#CancelColbert was the Twitter protest movement that spiked last week in response to an allegedly racially insensitive tweet made by the official account of The Colbert Report. That tweet was a relay of a joke Stephen Colbert made on his show, skewering Washington Redskins owner Daniel Snyder for trying to counter criticism of the "Redskins" name--which many consider a slur--through his new Washington Redskins Original Americans Foundation. Colbert demonstrated the absurdity of using offensive language in the group's very name by comparing it to an Asian-focused group called "The Ching-Chong Ding-Dong Foundation for Sensitivity to Orientals or Whatever".
So when the anti-Colbert backlash arose, I paid it little attention, figuring this was another unfortunately-common-on-the-Internet incident of undue outrage being whipped up due to context unconsidered, or worse, willfully ignored in order to advance an agenda. Surely, anyone familiar with Colbert's work would not consider him a racist, and seeing the clip would no more lead a person to conclude he wished to denigrate Asians than reading "A Modest Proposal" might convince a person Jonathan Swift advocated cannibalism to keep the numbers of poor Irish in check. Further, I feared such unwarranted outrage would give ammunition to true bigots who often hide behind claims against an overzealous "P.C. (politically correct) police". A comment on one blog cheekily captured my fear: "This is why liberals can't have nice things."
The protest movement's backers soon coalesced around the narrative that they understood satire, but were against making Asians "collateral damage" to prove a point about racism. The ever-insightful Jay Caspian Kang wrote in the New Yorker, “If I were to predict which minority group the writers of a show like The Colbert Report would choose for an edgy, epithet-laden parody, I’d grimace and prepare myself for some joke about rice, karate, or broken English.” In Salon, Brittney Cooper wrote "If Colbert had used the N-word instead to prove his point about Natives, we would have been outraged." Now that this episode had revealed the different standards our society has for treating different groups, my attention was piqued.
The uproar showed mainstream America is not particularly sensitive to potentially offending Native Americans, but with other groups there is much more caution. I concur with the #CancelColbert folks that it is impossible to conceive that such a joke would have ever been made about blacks. Nor do I suspect Colbert and his largely liberal audience would go for that joke about Arabs or people of Muslim descent, given the contemporary Islamophobia of the extreme right-wing in this country. Asians, on the other hand, stereotyped as academically and professionally successful, make a safer target.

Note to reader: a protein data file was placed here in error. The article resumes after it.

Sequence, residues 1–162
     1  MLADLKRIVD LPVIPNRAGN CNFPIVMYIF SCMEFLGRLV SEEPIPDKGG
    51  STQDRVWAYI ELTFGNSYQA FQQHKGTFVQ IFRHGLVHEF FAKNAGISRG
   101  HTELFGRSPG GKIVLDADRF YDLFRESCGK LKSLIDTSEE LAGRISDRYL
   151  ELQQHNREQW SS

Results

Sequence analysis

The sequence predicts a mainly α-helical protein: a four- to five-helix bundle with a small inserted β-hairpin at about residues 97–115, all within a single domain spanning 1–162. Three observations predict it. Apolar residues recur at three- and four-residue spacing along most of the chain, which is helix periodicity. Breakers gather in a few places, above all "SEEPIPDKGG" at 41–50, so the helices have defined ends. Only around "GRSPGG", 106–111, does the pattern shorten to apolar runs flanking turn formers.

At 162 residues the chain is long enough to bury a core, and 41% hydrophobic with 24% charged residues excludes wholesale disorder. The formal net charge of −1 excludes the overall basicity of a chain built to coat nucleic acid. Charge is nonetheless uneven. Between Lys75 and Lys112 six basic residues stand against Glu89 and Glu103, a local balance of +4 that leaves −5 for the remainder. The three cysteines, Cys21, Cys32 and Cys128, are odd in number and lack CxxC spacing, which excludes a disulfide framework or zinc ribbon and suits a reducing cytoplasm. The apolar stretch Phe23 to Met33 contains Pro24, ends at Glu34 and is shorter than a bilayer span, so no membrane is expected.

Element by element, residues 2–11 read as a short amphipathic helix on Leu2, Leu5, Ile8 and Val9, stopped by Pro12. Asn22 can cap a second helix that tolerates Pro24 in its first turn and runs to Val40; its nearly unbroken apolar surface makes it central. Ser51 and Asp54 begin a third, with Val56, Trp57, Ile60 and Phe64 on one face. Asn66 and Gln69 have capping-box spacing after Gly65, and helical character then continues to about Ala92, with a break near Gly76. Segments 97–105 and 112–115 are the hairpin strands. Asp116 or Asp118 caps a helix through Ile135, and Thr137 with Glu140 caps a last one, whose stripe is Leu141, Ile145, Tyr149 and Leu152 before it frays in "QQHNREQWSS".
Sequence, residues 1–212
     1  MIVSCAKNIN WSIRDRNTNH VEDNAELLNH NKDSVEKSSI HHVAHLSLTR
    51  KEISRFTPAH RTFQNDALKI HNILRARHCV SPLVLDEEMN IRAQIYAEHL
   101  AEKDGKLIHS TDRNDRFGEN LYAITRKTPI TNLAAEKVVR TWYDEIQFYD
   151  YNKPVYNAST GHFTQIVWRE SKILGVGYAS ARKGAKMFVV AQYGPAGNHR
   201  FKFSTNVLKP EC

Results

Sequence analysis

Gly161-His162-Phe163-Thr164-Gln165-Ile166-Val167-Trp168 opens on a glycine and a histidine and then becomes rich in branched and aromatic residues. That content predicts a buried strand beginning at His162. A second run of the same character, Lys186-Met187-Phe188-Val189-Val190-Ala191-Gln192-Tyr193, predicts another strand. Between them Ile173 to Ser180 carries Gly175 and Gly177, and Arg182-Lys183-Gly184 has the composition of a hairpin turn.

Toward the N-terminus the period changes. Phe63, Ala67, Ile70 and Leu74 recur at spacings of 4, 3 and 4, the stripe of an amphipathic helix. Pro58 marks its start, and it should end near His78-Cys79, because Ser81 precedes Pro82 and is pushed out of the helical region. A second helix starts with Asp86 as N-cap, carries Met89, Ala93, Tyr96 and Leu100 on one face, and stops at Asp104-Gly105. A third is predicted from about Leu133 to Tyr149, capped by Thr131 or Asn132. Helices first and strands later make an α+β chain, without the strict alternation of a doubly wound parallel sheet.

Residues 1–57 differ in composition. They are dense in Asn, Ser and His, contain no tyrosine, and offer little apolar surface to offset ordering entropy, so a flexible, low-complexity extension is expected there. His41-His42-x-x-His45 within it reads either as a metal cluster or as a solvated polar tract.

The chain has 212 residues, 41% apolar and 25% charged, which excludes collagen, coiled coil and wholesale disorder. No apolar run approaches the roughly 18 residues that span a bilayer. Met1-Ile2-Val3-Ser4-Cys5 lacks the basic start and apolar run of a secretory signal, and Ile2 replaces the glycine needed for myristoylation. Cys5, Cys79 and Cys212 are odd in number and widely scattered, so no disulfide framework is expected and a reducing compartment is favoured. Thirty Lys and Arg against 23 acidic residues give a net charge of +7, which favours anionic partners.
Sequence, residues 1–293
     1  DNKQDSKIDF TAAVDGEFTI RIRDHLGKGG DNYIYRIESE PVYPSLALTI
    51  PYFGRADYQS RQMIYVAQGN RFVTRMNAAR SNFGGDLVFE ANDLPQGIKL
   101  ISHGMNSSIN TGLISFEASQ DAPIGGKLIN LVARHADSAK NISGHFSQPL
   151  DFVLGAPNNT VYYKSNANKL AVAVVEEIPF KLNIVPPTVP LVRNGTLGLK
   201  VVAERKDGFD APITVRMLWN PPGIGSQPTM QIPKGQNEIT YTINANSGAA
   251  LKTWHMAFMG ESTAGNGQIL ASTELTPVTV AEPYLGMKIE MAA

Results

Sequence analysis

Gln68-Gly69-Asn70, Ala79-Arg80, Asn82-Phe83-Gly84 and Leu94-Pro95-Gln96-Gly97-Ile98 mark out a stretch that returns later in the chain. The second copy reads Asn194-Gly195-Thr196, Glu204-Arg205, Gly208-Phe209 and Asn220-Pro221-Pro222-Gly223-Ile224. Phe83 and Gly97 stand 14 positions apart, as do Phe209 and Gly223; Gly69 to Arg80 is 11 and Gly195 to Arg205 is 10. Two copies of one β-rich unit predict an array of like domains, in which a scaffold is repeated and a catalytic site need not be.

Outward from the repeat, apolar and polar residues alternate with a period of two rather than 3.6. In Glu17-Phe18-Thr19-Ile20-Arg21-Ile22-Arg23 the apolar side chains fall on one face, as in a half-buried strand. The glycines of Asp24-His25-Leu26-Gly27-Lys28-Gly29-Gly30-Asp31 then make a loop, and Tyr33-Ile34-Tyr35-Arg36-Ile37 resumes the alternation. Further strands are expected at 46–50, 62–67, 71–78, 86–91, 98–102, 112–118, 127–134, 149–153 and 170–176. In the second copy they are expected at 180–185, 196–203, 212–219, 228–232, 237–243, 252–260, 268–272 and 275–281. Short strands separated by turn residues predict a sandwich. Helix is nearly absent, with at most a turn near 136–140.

Where I differ vehemently from Colbert's critics is the lesson to be learned. Whereas they want to protect Asians from being exposed to insulting language, I feel that marking off certain words as "taboo" gives bigots a powerful tool they do not deserve to have. Far better to defuse those of their loaded significance instead. I once argued with two dear Asian-American friends after watching Gran Torino that "slant-eyed" was only a "dehumanizing" term (as one of them characterized it) still if they really believed that was a negative characteristic to possess, as opposed to the natural appearance of literally billions of people.1 Meanwhile, "nigger" is rightly considered a horrifying and filthy word, given America's shameful history of slavery and oppression of blacks. But constantly euphemistically referring to "the N-word",2 while maintaining that the word can be reclaimed positively as "nigga" or celebrated in rap music--but only by blacks--is not logically sound. It keeps the word ultra-controversial and divisive, allowing it to scandalize and continue to cause hurt, rather than it just being seen as an ugly vestige of a less-enlightened past.
The only way to change this, and move on to a better, "post-racial" society is to see these taboo words as stupid, not destructive. One of my favorite quotes from my favorite TV show of all-time, The Wire, is "You cannot lose if you do not play." Applied here, that means, you will not be victimized if you do not allow yourself to be hurt by idiotic, antiquated bigotry. Every right-minded person knows that race -- or gender, or sexuality -- is a construct that has no importance when it comes to a person's worth as an individual and their capabilities. Did someone call you a "turbanhead" or make monkey noises or crudely refer to your sexual preference? Demeaning words and slurs lose their power if you do not let them affect you, if you see them as outdated relics of a backward society, if you see people who use them are sad and desperate. In short, don't feel like a victim. And let's save our outrage for the still innumerable instances of real bigotry -- codified discrimination, conscious and unconscious biases, even physical violence -- that hurt people whether or not they choose to feel hurt by it.
1. In a previous blog post, I noted how I saw while living in Peru people with traditionally Asian features are routinely referred to as chinos or chinas or having "Chinese eyes", with no offense intended nor taken.
2. As Louis C.K. has brilliantly pointed out, "When you say 'the N-word' you put the word 'nigger' in the listener's head. that's what saying the word is... Don't hide behind the first letter!"